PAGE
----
Since the variable resistor must be readily accessible in a practical embodiment of the circuit arrangement in order to be able to dim a lamp connected to the lamp connection terminals, it is difficult to screen off the variable resistor, which may give rise to radio interference. However, if the further inductive means and branch C are electrically separated by means of a transformer, the radio interference is effectively suppressed, even if the variable resistor is screened only to a small degree. Suppression of radio interference in this manner is of particular importance if branch A comprises two switching elements which are alternately conducting at a frequency f, and which comprises ends suitable for connection to a DC voltage source, while the branch D is connected to a common point of the two switching elements. Since branch D is connected to a common point of the two switching elements of branch A, the voltage across the further inductive means is superimposed on a square-wave voltage of frequency f and of an amplitude equal to a DC voltage supplied by the DC voltage source. If branch C shunts the further inductive means, the voltage across the variable resistor is also superimposed on this square-wave voltage. If, however, the further inductive means and branch C are coupled to one another by means of a transformer, radio interference as a result of this square-wave voltage is substantially eliminated.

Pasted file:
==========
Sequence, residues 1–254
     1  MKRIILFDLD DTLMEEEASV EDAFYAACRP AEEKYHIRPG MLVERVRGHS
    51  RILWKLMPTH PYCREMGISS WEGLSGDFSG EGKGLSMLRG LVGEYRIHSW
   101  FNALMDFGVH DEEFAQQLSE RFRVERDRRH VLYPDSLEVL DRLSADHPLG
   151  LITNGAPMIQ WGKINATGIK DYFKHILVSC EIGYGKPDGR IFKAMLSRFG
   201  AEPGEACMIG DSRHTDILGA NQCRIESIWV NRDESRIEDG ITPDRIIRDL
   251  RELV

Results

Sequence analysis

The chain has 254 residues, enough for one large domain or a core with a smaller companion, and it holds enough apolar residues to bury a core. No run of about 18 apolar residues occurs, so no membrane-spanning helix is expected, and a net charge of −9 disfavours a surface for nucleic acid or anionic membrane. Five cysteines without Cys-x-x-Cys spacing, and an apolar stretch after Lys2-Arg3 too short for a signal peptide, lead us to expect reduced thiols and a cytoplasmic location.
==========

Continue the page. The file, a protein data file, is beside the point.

A further particular embodiment of the design just described circuit arrangement according to the invention is characterized in that an end of the secondary winding of the transformer is connected to a pole of a DC-voltage source via a branch which comprises capacitive means.
A further reduction of the radio interference is achieved in this way.
An embodiment of a circuit arrangement according to the invention will be described in more detail with reference to the accompanying drawing.
In the drawing, the figure shows the construction of an embodiment of a circuit arrangement according to the invention.
In the figure, reference numerals 1 and 2 denote input terminals suitable for connection to an AC voltage source. F is an AC-DC converter of which one output terminal is connected to input terminal 12 and of which a further output terminal is connected to input terminal 13. The series circuit of input terminal 12, switching elements 6 and 7, and input terminal 13 forms branch A. Branch A together with capacitors 4 and 11 forms a DC-AC converter. The series circuit of coil 5, lamp connection terminal K1, capacitor 39 and lamp connection terminal K2 constitutes the load branch B. In this embodiment, coil 5 forms the inductive means of load branch B. A lamp La can be connected to the lamp connection terminals. All further components of the circuit arrangement form part of the drive circuit: the drive circuit consists of coils 19 and 45, transformer 41, Zener diodes 26, 27, 29, 30 and 43, capacitors 44 and 20, resistors 23, 24, 25 and 28, variable resistor 42, switching element 22 and diodes 10 and 22a. Branch D in this embodiment is formed by the series circuit of coil 19 and capacitor 20. Coil 19 and capacitor 20 in this embodiment represent the further inductive means and the capacitive means of branch D, respectively. Coil 45 and variable resistor 42 together form branch C.
The drive circuit includes the following connections.